• Increased rate of collapse once core H-fusion ends

      • Core pressure & temperature sufficient to fuse C

    • The CO core exceeds the Chandrasekhar limit

      • Degenerate electron pressure cannot support the mass

      • The CO core contracts & heats

        • Core temperature > ~ 6.0 . 108 K

        • C fusion into O, Ne, Na & Mg begins

Synthesis of even heavier elements
Synthesis of Even Heavier Elements

  • Very-high-mass definition

    • > ~ 8 M☉as a ZAMS star

  • Synthesis of still heavier elements

    • End of core-C fusion

      • Core temperature > ~ 1.0 . 109 K

      • Ne fusion into O & Mg begins

    • End of core-Ne fusion

      • Core temperature > ~ 1.5 . 109 K

      • O fusion into S begins

    • End of core-O fusion

      • Core temperature > ~ 2.7 . 109 K

      • Si fusion into S & Fe begins

    • Start of shell fusion in additional layers

The interior of old high mass stars
The Interior of Old High-Mass Stars

Consequence of multiple shell fusion
Consequence of Multiple Shell Fusion

  • Core changes

    • Core diameter decreases with each step

      • Ultimately about same diameter as Earth ~ 8,000 miles

    • Rate of core fusion increases with each step

  • Energy changes

    • Each successive fusion step produces less energy

    • All elements heavier than iron require energy input

      • Core fusion cannot produce elements heavier than iron

      • All heavier elements are produced by other processes

High mass stars die as supernovae
High-Mass Stars Die As Supernovae

  • Basic physical processes

    • All thermonuclear fusion ceases

      • The core collapses

        • It is too massive for degenerate electron pressure to support

      • The collapse rebounds

      • Luminosity increases by a factor of 108

        • As bright as an entire galaxy

        • > 99% of energy is in the form of neutrinos

    • Matter is ejected at supersonic speeds

      • Powerful compression wave moves outward

  • Appearance

    • Extremely bright light where a dim star was located

    • Supernova remnant

      • Wide variety of shapes & sizes

The death of old high mass stars
The Death of Old High-Mass Stars

Supernova 1987a
Supernova 1987A

  • Important details

    • Located in the Large Magellanic Cloud

      • Companion to the Milky Way ~ 50,000 parsecs from Earth

      • Discovered on 23 February 1987

    • Near a huge H II region called the Tarantula Nebula

    • Was visible without a telescope

      • First naked-eye supernova since 1604

  • Basic physical processes

    • Primary producer of visible light

      • Shock wave energy < 20 days

      • Radioactive decay of cobalt, nickel & titanium > 20 days

      • Dimmed gradually after radioactivity was gone > 80 days

    • Luminosity only 10% of a normal supernova

Unusual feature of sn 1987a
Unusual Feature of SN 1987A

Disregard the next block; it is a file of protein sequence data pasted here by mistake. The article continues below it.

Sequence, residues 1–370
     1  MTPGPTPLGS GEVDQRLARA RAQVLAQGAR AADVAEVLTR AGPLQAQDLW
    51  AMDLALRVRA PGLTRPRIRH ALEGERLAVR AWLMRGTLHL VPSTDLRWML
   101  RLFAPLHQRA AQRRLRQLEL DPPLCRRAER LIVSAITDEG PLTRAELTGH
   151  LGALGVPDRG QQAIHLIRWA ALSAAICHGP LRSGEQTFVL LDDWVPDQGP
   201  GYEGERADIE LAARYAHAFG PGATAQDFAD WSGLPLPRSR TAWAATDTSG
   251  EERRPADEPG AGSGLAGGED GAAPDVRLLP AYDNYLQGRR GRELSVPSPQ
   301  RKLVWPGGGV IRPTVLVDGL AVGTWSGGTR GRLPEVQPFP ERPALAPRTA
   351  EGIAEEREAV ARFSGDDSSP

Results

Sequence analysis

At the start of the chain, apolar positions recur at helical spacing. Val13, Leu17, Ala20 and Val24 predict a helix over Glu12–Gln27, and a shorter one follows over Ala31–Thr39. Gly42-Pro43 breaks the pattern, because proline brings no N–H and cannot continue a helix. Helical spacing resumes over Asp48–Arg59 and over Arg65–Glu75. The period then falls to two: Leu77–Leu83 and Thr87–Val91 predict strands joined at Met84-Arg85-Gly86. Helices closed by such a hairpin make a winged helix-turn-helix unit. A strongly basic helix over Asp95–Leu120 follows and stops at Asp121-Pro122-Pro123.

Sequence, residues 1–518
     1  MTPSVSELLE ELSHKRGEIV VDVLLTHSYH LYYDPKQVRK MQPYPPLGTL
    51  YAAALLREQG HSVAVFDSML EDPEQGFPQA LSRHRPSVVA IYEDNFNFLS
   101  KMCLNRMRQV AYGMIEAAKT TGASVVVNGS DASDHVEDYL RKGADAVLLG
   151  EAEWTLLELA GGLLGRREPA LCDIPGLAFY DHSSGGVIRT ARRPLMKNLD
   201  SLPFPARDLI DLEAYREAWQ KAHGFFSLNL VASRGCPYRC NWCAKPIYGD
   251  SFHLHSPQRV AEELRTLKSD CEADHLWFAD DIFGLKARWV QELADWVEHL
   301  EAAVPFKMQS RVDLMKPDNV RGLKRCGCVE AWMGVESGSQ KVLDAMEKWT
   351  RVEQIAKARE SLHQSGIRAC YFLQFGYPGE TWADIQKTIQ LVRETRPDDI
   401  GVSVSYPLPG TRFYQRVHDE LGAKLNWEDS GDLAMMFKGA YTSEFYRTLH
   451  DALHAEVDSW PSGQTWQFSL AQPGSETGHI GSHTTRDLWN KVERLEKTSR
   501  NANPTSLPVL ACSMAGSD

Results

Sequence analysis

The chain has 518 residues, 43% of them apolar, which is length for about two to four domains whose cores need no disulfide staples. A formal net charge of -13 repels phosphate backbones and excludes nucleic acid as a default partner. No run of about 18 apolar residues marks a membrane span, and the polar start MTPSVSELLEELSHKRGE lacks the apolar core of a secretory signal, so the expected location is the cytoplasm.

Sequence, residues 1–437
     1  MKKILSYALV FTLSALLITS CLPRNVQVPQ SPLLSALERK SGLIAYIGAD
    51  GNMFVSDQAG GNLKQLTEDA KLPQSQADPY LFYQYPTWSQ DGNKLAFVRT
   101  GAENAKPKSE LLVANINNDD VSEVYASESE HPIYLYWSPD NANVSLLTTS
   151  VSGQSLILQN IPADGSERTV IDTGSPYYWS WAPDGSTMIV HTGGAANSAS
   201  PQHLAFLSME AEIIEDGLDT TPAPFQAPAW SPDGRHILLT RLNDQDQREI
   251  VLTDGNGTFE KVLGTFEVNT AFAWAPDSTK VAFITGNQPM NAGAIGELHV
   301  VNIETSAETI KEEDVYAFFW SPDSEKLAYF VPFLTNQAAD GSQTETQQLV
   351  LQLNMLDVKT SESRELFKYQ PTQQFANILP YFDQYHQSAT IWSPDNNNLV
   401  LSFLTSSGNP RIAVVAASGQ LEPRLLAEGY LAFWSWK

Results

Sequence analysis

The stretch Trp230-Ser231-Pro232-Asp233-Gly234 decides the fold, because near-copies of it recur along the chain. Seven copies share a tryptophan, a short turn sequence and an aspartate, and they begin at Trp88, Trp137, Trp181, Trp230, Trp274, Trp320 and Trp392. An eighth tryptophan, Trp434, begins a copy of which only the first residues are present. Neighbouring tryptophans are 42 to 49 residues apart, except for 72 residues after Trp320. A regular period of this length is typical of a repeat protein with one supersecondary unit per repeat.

• Relatively low-mass red supergiant

    • Outer gaseous layers held strongly by gravity

    • Considerable energy required to disperse the gases

    • Significantly reduced luminosity

  • Unusual supernova remnant shape

    • Hourglass shape

      • Outer rings Ionized gas from earlier gentle ejection

      • Central ring Shock wave energizing other gases

Supernova 1987a 3 ring circus
Supernova 1987A: 3-Ring Circus

White dwarfs can become supernovae
White Dwarfs Can Become Supernovae

  • Observed characteristics

    • No spectral lines of H or He

      • These gases are gone

      • The progenitor star must be a white dwarf

    • Strong spectral line of Si II

  • Basic physical processes

    • White dwarf in a close-binary setting

      • Over-contact situation Companion star fills Roche lobe

    • White dwarf may exceed the Chandrasekhar limit

      • Degenerate electron pressure cannot support the mass

      • Core collapse begins, raising temperature & pressure

      • Unrestrained core C-fusion begins

    • White dwarf blows apart

White dwarf becoming a supernovae
White Dwarf Becoming a Supernovae

The four supernova types

No H or He lines

Strong Si II line

Type Ia

No H lines

Strong He I line

Type Ib

Type Ic

No H or He lines

Type II

Strong H lines

The Four Supernova Types

Gum nebula a supernova remnant
Gum Nebula: A Supernova Remnant

Important concepts

Death of low-mass stars

ZAMS mass < 4 M☉

Red giant phases

Start of shell H fusion

Start of core He fusion

Start of shell He fusion

No elements heavier than C & O

Gentle death

Dead core becomes a white dwarf

Expelled gases become planetary neb.

Death of high-mass stars

ZAMS mass > 4 M☉

Red supergiant phases

No elements heavier than Fe

Catastrophic death

Dead core a neutron star or black hole

Supernova remnant

Elements heavier than Fe produced

Pathways of stellar evolution

Low-mass stars

Produce planetary nebulae

End as white dwarfs

High-mass stars

Produce supernovae

End as neutron stars or black holes

Important Concepts